Eoalulavis (from the Ancient Greek: Éōs, "dawn"; alula, "bastard wing"; avis, "bird") is a monotypic genus of enantiornithine bird that lived during the Barremian, in the Lower Cretaceous around 125 million years ago. The only known species is Eoalulavis hoyasi.


Its remains came from the Konservat-Lagerstätte of Las Hoyas, Cuenca, Spain. The holotype (LH13500), housed in the collection of Museo de las Ciencias de Castilla-La Mancha (es), consists on both slab and counterslab preserving mainly the thoracic region, part of the neck and both almost complete forelimbs of an adult specimen.[1] It also preserves remains of the body, primary, secondary feathers and a bastard wing which have been covered by layers of limonite as a result of the fossilization process.[1] The preservation is consistent with the taphonomic processes associated with obruption, stagnation and the action of microbial mats in the locality[3] that have yielded a wide variety of examples of soft-tissue preservation (e.g.: connective tissues in fishes and theropods[3] or insect wings[4]). Most of the osteological features of the holotype became apparent only after its acid preparation and transference to a resin cast.

Paleobiology and paleoecologyEdit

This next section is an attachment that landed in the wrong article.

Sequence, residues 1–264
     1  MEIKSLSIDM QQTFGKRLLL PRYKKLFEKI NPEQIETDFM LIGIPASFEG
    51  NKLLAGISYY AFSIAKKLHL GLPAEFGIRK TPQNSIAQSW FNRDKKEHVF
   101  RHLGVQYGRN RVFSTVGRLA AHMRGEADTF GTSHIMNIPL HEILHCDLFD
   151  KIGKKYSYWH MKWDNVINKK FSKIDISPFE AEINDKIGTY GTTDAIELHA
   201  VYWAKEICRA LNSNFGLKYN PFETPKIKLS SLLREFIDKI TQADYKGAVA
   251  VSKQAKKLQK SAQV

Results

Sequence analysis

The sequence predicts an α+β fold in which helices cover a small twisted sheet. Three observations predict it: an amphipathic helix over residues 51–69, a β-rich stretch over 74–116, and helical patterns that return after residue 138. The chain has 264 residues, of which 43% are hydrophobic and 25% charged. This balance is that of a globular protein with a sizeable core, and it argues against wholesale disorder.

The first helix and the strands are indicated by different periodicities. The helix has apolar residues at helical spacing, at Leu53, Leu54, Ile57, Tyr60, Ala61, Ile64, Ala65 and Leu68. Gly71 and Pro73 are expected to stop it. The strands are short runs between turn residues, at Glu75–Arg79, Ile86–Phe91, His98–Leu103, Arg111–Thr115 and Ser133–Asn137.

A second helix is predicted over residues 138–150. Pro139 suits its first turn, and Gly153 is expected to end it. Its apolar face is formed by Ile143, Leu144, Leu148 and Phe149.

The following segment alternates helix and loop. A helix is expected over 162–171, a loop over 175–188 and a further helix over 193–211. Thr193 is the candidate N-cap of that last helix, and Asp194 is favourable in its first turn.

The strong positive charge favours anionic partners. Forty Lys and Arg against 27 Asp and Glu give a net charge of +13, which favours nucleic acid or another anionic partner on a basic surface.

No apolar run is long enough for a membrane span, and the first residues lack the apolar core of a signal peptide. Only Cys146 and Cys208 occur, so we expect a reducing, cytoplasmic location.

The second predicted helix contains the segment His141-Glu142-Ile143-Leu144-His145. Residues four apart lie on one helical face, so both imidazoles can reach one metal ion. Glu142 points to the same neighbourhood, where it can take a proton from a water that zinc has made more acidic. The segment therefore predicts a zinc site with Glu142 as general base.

E. hoyasi was roughly the size of a little fringilid with a wingspan of nearly 20 cm.[1] The presence of alula and a complete set of aerodynamic asymmetric feathers arranged forming a modern wing,[5] indicate well develop flight capabilities, as in many other enantiornithine taxa.[6] Its hindlimb morphology remain uncertain as no material of this kind referable to the genus has been found to date.

The holotype preserves concentrated remains of crustacean cuticles in the area of the abdomen, interpreted as its last meal.[2] It provided the first direct evidence of feeding behaviour in Enantiornithes and in Mesozoic birds in general, though, since then, more examples of undigested food associated with enantiornithine specimens have been discovered reporting a wide variety of feeding habits.[6] This fact has been interpreted as evidence of an ecological role in Eoalulavis similar to that of extant waders; living mainly in the shore seeking for little invertebrates in a similar way of modern turnstones.[4]

The locality of Las Hoyas was in the Barremian a seasonal subtropical wetland ecologically dominated by fully aquatic organisms (e.g.: holostean fishes).[4] The avifauna of the locality includes so far two more enantiornithine taxa: the sparrow-sized Iberomesornis romerali[7] and the pigeon-sized Concornis lacustris.[7] Eoalulavis hoyasi is believed to be the most linked to a semi-aquatic environment of the three.


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